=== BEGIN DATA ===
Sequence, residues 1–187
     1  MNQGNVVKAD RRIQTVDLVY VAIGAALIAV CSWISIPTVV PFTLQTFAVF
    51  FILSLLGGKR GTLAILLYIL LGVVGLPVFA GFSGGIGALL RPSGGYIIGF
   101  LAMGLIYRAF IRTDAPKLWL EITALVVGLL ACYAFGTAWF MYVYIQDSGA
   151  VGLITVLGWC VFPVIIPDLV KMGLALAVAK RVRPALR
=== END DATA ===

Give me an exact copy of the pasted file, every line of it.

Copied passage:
Sequence, residues 1–187
     1  MNQGNVVKAD RRIQTVDLVY VAIGAALIAV CSWISIPTVV PFTLQTFAVF
    51  FILSLLGGKR GTLAILLYIL LGVVGLPVFA GFSGGIGALL RPSGGYIIGF
   101  LAMGLIYRAF IRTDAPKLWL EITALVVGLL ACYAFGTAWF MYVYIQDSGA
   151  VGLITVLGWC VFPVIIPDLV KMGLALAVAK RVRPALR